Increased demand

Over the past few years, there has been a an average demand of about 32,000 new homes in the Greater Houston area per year, while builders have been building only about 25,000 new homes per year, Welbes said. This trend has led to about 8,000 potential buyers per year who have subsequently turned to the leasing market.

Those buyers who turned to leasing represent demand for more new homes, Welbes said.

"In 2011 and 2012, 40,000 homes went from owner-occupied to renter-occupied because there wasn't a new home to buy," he said.

Following the 2007 housing market crash homebuilders have struggled to keep up with demand while facing increased costs, Brand said.

"Because there was no money available for builders, many were unable to buy lots or fund construction," he said. "Now there is new land development and builders are building. But inventory is behind, construction costs are going up and labor costs are going up. I don't know if [builders] are really going to catch the demand."

Also on the horizon is the impending opening of the ExxonMobil campus, just south of The Woodlands, where about 12,000 employees will begin working in 2015.

Welbes said he expects potential ExxonMobil employees, who will be relocating from the Greater Houston area and from Fairfax, Va., to visit The Woodlands area next spring during their vacations to being looking for new homes.

"[The Woodlands] will have a couple thousand more lots to go, so we'll have some inventory," he said.

Amy Smythe Harris, broker/owner of Urban Provision Realtors in Houston and member of the Houston Association of Realtors board of directors, said she believes the lure of ExxonMobil has changed the market.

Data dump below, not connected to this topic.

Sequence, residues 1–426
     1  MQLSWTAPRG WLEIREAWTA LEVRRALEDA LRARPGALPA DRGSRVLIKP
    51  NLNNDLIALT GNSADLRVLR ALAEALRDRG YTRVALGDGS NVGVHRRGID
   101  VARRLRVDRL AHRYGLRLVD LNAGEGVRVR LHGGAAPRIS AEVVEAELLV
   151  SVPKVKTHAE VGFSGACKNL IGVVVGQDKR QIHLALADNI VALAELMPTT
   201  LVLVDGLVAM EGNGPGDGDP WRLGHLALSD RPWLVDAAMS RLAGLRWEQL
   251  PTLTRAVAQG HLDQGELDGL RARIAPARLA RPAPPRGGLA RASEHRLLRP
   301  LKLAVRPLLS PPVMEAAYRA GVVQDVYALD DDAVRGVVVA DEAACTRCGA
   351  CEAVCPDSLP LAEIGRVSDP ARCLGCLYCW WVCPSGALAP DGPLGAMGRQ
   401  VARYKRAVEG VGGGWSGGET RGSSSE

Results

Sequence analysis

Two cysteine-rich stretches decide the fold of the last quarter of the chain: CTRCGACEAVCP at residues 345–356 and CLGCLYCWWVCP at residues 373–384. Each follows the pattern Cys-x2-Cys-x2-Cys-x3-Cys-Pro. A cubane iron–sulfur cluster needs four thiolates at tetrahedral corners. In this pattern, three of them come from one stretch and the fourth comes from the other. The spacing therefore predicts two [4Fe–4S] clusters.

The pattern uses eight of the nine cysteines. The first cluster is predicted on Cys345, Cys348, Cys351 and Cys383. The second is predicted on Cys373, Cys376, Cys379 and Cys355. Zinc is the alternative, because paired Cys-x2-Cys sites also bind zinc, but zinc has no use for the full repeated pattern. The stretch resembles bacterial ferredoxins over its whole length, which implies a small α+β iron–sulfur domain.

"I think [the ExxonMobil move] has skyrocketed the process," she said. "We're not seeing an insurgence of ExxonMobil [employees], but we're seeing a huge amount [of interest] from support companies to ExxonMobil."

Harris also said she believes the ExxonMobil announcement created a false sense of demand in the real estate market.

Advice to buyers

Buyers in today's market are facing fewer options when it comes to available homes while also being forced to pay prices that are often above list prices. Although homebuyers were previously able to view about 10 to 15 homes in their price range before buying, Brand said Realtors are now able to only show clients three or four.

"We want to explain to [buyers] that in the previous market you were looking for a good deal, less than list price," he said. "But now a good deal is you are the one who is actually able to buy the property. A good deal is there were four offers and yours won."

Buyers who are able to pay a higher down payment on a home, and those who have fewer financing contingencies, have a better chance of having their offer on a home selected.

"People who put more down have a better chance," Brand said. "At least 10 percent of sales are over list price, and probably 25 percent are at list price. You might want to come in a little bit higher."